Friday, April 20, 2012

April Showers Bring...Mud.

Impending doom over camp as I left Happy Zebra den

April was a different pace compared to my first few months here. We had much more rain, which meant a lot less time spent in the field collecting data. Rain also meant that the few times we tried to visit the hyena dens, the Mara made sure it was a challenge. Changing a tire at night only 100m from a hyena den as curious hyenas investigate the issue can be a little stressful. Fortunately, our second flat tire occurred during the daytime with no hyenas trying to assist, and when Noémie’s family was visiting, so it went much smoother.

My first week working alone in the Mara, I was unaware that a fuse had come loose in the fuse box of the Land Cruiser while driving in a rocky area one evening. So when I attempted to restart the car and head back to camp, I felt a surge of panic, but quickly regained my composure, knowing that all fuel and liquid levels were good and that the battery was still working. I now know that cars contain a fuse box... After waiting only 2 hours in the darkness standing on top of the vehicle, periodically waving a Maglight towards the glow of headlights on the horizon (with a visit from the South clan hyenas, including Clovis herself, lions fighting and/or killing something in the darkness and jackals and hyenas calling all around), I was graciously rescued by one of the Mara Conservancy mechanics.

My first week alone also included not only my first, but also my second time watching a bunch of hyenas on a kill! Obviously I was quite overwhelmed, especially since the second kill ended up being a different hyena clan than the ones we study, which explained my complete lack of recognition of any hyena! During the first kill, I witnessed Clovis (she seems to be a recurring them in my posts) drag an impala carcass into a mostly dry riverbed (called a lugga in Kenya, after many frustrating attempts to discover the meaning of this word) and then remove it a few minutes later. Intrigued by this behavior I did a little research. Apparently, the intelligent hyenas have discovered that if they cache their food in water, terrestrial predators cannot smell it, nor would they even think to search for it in water. Hyenas also seem to only cache food in small water bodies, not in crocodile-infested waters where they would quickly lose their meal. In March, after seeing a hyena swim across the low-level Mara River, we also discovered that not only can they swim, but they can dive and catch fish as well! These hyenas never cease to amaze us!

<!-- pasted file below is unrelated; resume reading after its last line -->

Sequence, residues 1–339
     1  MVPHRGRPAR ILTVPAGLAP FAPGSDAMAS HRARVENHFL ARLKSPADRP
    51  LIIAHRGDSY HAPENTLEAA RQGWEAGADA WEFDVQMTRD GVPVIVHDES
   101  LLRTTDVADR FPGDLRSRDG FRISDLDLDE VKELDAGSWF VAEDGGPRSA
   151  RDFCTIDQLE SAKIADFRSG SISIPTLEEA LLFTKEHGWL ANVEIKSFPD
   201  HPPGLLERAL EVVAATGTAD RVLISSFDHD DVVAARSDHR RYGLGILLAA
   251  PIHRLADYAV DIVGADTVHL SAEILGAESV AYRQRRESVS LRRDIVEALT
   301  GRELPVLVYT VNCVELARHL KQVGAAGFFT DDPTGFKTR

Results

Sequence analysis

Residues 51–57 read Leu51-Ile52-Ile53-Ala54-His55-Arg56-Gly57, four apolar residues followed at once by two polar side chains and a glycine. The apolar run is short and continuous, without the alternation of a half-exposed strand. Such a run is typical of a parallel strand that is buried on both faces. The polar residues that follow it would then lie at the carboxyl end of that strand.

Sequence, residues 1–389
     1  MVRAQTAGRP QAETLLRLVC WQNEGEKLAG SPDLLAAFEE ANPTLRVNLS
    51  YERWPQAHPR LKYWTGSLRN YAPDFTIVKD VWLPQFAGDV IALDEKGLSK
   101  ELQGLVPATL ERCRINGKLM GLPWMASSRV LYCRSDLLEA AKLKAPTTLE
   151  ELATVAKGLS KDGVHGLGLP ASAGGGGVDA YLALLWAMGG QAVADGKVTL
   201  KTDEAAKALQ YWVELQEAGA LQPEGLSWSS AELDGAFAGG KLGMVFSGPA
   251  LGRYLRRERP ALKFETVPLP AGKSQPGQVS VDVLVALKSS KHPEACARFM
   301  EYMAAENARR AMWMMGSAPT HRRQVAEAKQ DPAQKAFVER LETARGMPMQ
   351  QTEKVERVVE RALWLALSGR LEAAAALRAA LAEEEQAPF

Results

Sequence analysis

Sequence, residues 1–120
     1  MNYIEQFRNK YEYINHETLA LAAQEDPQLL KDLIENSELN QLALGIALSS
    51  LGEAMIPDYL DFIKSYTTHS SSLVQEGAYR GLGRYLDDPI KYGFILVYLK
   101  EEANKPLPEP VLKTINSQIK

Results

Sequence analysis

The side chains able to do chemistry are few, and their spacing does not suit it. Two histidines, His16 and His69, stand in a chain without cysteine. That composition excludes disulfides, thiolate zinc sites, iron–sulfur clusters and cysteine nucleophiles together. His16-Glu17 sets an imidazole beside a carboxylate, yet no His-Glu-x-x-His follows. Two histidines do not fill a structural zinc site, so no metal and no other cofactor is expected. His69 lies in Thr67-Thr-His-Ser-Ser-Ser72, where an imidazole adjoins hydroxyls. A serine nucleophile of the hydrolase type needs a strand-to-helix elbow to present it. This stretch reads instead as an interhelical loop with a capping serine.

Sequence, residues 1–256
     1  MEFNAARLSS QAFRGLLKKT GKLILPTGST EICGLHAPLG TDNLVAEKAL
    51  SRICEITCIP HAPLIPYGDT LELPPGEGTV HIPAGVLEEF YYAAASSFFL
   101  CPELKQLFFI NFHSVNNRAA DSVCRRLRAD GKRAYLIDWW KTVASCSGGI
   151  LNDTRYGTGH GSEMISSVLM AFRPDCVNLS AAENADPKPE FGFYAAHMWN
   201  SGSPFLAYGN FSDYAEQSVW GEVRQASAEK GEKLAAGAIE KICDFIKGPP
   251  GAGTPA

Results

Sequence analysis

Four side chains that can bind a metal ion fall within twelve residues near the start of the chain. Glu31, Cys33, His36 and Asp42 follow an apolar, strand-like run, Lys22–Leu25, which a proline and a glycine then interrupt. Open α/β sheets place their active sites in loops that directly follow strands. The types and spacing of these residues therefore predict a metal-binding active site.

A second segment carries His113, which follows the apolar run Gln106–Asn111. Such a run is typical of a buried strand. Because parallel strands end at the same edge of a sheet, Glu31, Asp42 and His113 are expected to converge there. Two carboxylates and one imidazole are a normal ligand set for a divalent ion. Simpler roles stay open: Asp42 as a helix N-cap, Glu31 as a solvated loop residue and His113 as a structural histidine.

Clovis with an impala (dead, obviously)

My second week working alone included getting the tiny little Suzuki Maruti stuck in the mud, twice, but help was never far and both instances occurred during daylight. I am quickly learning to skirt around any area that looks even remotely squishy.

Despite not being out in the field as much, amazing animal moments still occurred! One morning, Noémie and I were overjoyed to come across a caracal! We probably spent more time following it than we should have, but then again, it was a caracal! Who knew when we would see one again? Well, 2 days later, I saw it again while driving back to camp one evening! One of my favorite moments this month, though, was when I was driving back from North clan’s den and came across a female cheetah, lying on a termite mound. I stayed there with her until after darkness when the cheetah left, because that moment was just too special for me to disturb with the noisy engine of the Land Cruiser. She now has a new litter of cubs! Hopefully they have better luck than the previous litter!

The most impressive moment happened fortunately when Noémie’s family was visiting. 4 giant male lions were marking their territory in South’s territory and we could tell these big boys had nothing to fear. This was most evident when they had all sacked out against each other in the middle of the plain in the rain but none batted an eye when we drove right up to them for photos. 1 lion is impressive, 2 is incredible, but 4 was absolutely amazing!

Lastly, if any former Fisi campers or blog followers recognize this snake and can confirm that it's not dangerous, that would be very much appreciated considering it is climbing my tent pole in the photo! It was between 1-1.5m long, green scales with black skin underneath, yellow belly, excellent tree climber (slithered straight up the trunk!), and occasionally puffed up its neck like a long balloon, when threatened.

Even during the rainy season, the Mara still manages to entertain!


june said...

the snake is so terrible!

Kenna said...

That's a mamba! Steer clear and keep us old Fisi campers from having a heart attack on your behalf.

Smale said...

Just checked with a snake expert and he says there's no doubt about it, that's a green mamba. Watch out!!!!

Deanna said...

We've had many suggestions: green mamba, boomslang, Battersby's green snake. Most are confirming that it is thankfully harmless!

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